“No. I was reading about the Black Death. They did everything they could to make it go away, but they didn’t know HOW to make it go away. But, to their credit, they did what they knew. And they didn’t know shit, Dude. There were painters back then who painted against the Black Death. What’s a painting going to do?”
“Ah. You’re humbled, Lamont. I never imagined.”
“Take it from me, Dude. 99% of what people do they do just to get from day to day. That’s it. Like this Black Friday business. What’s that about?”
“Oh stores think they might finally make some money.”
“Consumerism is a way of getting through the day. That’s all it is and then there’s that brief moment when they have gotten something and they have a kind of buyer’s high — you know what that is, Dude? Think back to the good old days.”
“Sure I know what that is. It’s how I felt when my family and I drove you into the tar pits.”
“I’m sure you did but then? Then? Tell me what happened Dude.”
“I don’t really feel like it. I gotta’ go.”
“OK. I landed in the tar pits.”
“Heh heh heh. What goes around comes around.”
“Lamont, that wasn’t just whimsical killing. You were going to feed us for MONTHS. Smilodons starve too.”
Lamont and Dude are characters I came up with a few years ago. They have the uncanny ability to remember many of their past incarnations which gives them a unique perspective on life, the universe and everything.
“Amazing how everyone and everything goes right back to where it was in that tide pool of prehistory.”
“That’s pretty poetic for a Smilodon.”
“No Smilodon, Lamont. Some programs are still suspended. It’s just me, a bunch of bones, a lot of dried tar, some solvent, some brushes and a container.”
“You sound a little down, Dude, for a guy who’s again gainfully employed.”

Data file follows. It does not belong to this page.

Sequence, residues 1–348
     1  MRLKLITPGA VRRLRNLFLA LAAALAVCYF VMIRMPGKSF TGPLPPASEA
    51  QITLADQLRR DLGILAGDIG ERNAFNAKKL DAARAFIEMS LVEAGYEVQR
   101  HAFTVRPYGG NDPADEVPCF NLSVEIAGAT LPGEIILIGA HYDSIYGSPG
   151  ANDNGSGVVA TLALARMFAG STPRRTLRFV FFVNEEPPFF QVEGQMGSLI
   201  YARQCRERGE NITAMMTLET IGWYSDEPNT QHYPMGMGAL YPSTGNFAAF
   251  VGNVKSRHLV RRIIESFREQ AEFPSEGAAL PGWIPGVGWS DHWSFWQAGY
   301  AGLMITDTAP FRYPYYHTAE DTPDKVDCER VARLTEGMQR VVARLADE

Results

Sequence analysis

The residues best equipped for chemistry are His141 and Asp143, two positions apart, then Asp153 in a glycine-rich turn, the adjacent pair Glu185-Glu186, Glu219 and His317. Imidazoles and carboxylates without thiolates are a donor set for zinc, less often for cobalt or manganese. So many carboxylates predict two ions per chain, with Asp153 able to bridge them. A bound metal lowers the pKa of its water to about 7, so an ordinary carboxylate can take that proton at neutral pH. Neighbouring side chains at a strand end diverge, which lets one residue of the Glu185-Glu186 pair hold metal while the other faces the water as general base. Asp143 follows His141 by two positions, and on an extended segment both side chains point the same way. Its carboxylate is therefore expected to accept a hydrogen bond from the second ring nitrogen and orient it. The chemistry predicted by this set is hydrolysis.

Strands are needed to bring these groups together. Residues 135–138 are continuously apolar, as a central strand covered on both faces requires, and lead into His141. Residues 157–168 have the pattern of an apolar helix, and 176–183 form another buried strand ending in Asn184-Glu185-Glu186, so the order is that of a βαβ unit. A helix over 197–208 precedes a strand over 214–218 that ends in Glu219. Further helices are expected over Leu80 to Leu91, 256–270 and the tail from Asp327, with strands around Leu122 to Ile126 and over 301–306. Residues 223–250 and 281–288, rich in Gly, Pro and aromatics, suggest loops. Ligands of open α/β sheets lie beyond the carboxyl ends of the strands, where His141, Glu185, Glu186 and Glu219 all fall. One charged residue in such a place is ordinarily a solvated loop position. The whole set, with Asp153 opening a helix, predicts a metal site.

“Basically, Lamont, it’s like spending a day in a hot trailer washing dishes. Seems like last year…”
“You want to go catch some waves? Will that cheer you up?”
“Maybe. What I was about to say was that last year kind of showed things for what they really are. I mean we all work all the time for that SOMEDAY, like the someday we assemble another mastodon, or we find a baby Smilodon, or this or that, but then we do and then we’re back in the container washing more bones.”
“Human life is like the ocean, Dude. How many times have you told ME that? But the tide comes in, the tide goes out, we wait for a good set, we surf it or we wipe out, we come in, we go out, we wait. If things go sideways we have to be rescued and pay for THAT or we die. That’s it. You’ve said that a million times. Life is anticipation. We humans LOVE anticipation.
“I don’t know, Lamont. I like the swimming out and waiting, too.”
“Would you just SWIM out and hang out beyond the swells and never catch a wave and be totally happy?”
“Yeah, but you think — I think, we all think, — ‘Maybe the next one!’ What I think is that during the Viral Times we had to suspend anticipation except for the one BIG anticipation which was the return to so-called ‘normal’ which was never anything more than a life of constant anticipation.”
“You think people who are finally able to see their family again feel this way about THAT?”
“No, of course not, but even there the honeymoon is going to end at some point. Daily life is where we live, Dude. Anticipation keeps it from being a burden on the spirit. It’s why humans love shopping so much. Even just that little, ‘I wonder what’s on sale at Walmart today’ and the turning the corner at the end of an aisle gives humans a little lift.”
“C’mon, Lamont, do YOU like washing dishes?”
“It’s OK. Has to be done.”
“Lamont, maybe you think too much.”
“Well, Dude, you may be right, but I think a lot of people are going to feel just like you as they return to whatever it was they missed. I wonder if people will look at their striving and wonder ‘Why?’ I hope people write about it.”
Lamont and Dude are characters I came up with a few years ago. They have the uncanny ability to recall many of their previous incarnations which gives them a unique perspective on life, the universe and everything.
“The seeds of destiny are sown in mysterious realms.“
“What does that MEAN???”
“It means that destiny is, well, OK, it’s like this. The seeds of destiny are sown in strange places.”
“Yeah but what are ‘seeds of destiny’?”